The Mets seem to be shying away from the trade deadline spotlight.

For a team that seemed to be a strong contender in the Cliff Lee sweepstakes only a short while ago, their activity has significantly regressed. And now, with busy teams like the Texas Rangers and Los Angeles Angels of Anaheim, the Mets are looking even more quiet.

Lately, the Mets’ most notable trade talk included the notion of Jeff Francoeur moving to the Royals. Even their presence in the market for remaining starting pitching has lacked. So the question is now; realistically, how should the Mets approach the impending deadline?

At the moment, it seems that the inactivity might continue, give or take negotiations for more help at middle relief. This transition from big time buyers to simple deadline dealers has come rather quickly. 

Once Cliff Lee bounced to Texas, the Mets began to realize that they didn’t have package of prospects that the sellers are looking for. Roy Oswalt’s name surfaced in Mets trade talk, but with him off the board and heading for Philadelphia, the market for starting pitchers is drying out.

Other teams out there were willing to part ways with top offensive prospects like Justin Smoak or Wilson Ramos, in order to make a deal. The Mets weren’t interested in doing so, and to that effect didn’t have enough Major League-ready talent that the team was willing to offer.

It is that time of year again where the Mets season is swinging in the balance, and a move or lack thereof could be the difference maker. A big move may be out of reach now.

If the Mets were looking for a big name starting pitcher to trade for, the time has passed. And starting pitching might not even be a need now.

First of all, the remaining names in starting pitching that the Mets could entertain primarily include Ted Lilly of the Chicago Cubs and the Houston Astros’ Brett Myers.

The Mets might be just as well off avoiding both of these guys. Lilly is having an all-around decent year, but is struggling against left-handed hitting. That won’t do the Mets any good when they bump into hard hitting division rivals like Ryan Howard or Adam Dunn.

Myers carries the baggage of having a troubled past off the field. He is tossing with a nice 3.10 ERA right now, but prior to 2010, Myers spent time with the Phillies turning in some solid but spotty pitching.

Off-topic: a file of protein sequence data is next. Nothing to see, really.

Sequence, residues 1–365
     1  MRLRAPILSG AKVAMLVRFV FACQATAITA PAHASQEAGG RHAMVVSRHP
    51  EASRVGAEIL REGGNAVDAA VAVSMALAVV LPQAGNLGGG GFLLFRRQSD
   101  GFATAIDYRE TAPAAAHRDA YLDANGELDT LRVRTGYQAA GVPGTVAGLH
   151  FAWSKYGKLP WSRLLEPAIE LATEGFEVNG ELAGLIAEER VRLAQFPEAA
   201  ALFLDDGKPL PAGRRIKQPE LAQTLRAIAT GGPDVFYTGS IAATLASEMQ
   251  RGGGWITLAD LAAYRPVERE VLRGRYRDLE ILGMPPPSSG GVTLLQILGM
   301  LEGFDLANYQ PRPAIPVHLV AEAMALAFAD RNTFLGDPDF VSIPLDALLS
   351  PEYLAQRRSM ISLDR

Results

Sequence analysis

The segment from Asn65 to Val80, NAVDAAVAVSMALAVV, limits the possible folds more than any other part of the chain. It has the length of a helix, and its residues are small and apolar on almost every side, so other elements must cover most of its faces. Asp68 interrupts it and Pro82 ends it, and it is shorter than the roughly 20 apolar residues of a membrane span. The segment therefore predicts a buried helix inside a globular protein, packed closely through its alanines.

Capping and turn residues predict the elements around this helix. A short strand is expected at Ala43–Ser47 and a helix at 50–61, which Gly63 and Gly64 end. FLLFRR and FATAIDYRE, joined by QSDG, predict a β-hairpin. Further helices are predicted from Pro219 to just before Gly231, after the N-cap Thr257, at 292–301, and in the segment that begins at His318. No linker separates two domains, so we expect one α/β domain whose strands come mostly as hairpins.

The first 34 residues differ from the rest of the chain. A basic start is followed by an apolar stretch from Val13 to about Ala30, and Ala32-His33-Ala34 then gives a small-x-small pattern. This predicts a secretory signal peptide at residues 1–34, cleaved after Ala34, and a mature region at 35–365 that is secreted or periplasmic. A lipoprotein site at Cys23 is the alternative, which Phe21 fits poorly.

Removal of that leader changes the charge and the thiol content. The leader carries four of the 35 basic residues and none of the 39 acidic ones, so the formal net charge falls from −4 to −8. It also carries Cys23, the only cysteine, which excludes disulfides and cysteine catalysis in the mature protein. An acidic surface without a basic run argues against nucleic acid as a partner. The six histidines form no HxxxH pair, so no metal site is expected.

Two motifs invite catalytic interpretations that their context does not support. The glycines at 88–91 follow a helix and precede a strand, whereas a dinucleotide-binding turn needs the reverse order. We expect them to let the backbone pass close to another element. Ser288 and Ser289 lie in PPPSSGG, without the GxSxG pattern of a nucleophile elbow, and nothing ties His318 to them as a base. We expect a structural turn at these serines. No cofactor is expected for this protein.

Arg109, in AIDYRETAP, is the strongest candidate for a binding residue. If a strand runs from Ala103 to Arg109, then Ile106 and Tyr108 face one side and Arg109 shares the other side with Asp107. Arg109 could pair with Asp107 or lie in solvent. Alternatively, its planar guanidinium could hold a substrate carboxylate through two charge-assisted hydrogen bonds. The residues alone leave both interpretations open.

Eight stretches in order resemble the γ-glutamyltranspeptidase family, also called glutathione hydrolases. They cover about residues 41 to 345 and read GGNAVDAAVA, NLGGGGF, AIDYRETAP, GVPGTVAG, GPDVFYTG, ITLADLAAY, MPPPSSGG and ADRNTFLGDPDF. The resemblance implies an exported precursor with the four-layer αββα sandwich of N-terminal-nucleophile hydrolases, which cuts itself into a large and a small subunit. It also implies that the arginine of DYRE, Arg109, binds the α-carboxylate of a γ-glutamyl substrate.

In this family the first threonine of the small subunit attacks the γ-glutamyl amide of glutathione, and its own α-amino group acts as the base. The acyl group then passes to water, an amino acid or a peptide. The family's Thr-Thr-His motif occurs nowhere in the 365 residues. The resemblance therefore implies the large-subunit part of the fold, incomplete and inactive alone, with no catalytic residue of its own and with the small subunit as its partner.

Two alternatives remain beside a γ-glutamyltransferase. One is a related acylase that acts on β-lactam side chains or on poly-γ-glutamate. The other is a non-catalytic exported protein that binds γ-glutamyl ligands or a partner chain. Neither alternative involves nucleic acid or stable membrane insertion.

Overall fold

Joel Pineiro is another possible name, but all in all, none of these pitchers are difference makers and should not be worth giving up any volume of prospects for. This Mets starting rotation has pitched some very solid baseball in general this year, and might be just fine without a new addition.

Despite a couple of minor bumps in the road, Santana has still been very effective. Mike Pelfrey had a hot first half and even though he has struggled of late, he doesn’t lack in confidence and he can bounce back. As a young southpaw, Jon Niese is developing perfectly while turning in some great pitching.

And of course, the Mets must continue riding the red hot arm of R.A. Dickey, the most unlikely success story on this Mets pitching staff. He has put together six quality starts in a row. Additionally, the Mets could work in Hisanori Takahashi into the back end of the rotation if Ollie Perez can be a serviceable option in the bullpen.

This starting rotation might not need to be meddled with.

If the Mets are going to seek out a pitcher, it might be to acquire a low-cost reliever like a Scott Downs or Chad Qualls. The Mets missed their chance to make a minor upgrade when trade talks with the Red Sox hit a snag when Rod Barajas went down on the DL. The Mets would have shipped Barajas to Boston for reliever Ramon S. Ramirez.

Since the deadline, the Mets lineup has been mostly responsible for their immediate downturn. These struggles make fans groan even more knowing that it is the Mets’ best lineup out there playing everyday. With the core intact, moving any of these franchise players will not happen.

The Mets core players like Carlos Beltran, Jose Reyes, and David Wright indicate that adjustments to the lineup aren’t a need. Even rookie Ike Davis has already proven himself as indispensable. On paper, the lineup is potent and doesn’t require change.

Don’t even expect Jeff Francoeur to be moved anywhere at this point, now that Jason Bay could be headed for the disabled list with a concussion. If the Mets were looking to bolster the lineup at all, they would have likely made moves on big bat infielders like Jorge Cantu or Dan Uggla already.

It seems like the Mets will not be making much of a splash now that trade talks are coming down to the wire. Expect the Mets to make a move on a relief pitcher that will cost them just one or two mid-level prospects.

More bullpen depth is what this Mets team is lacking, and another experienced arm could create more reliable options in close situations.

Read more MLB news on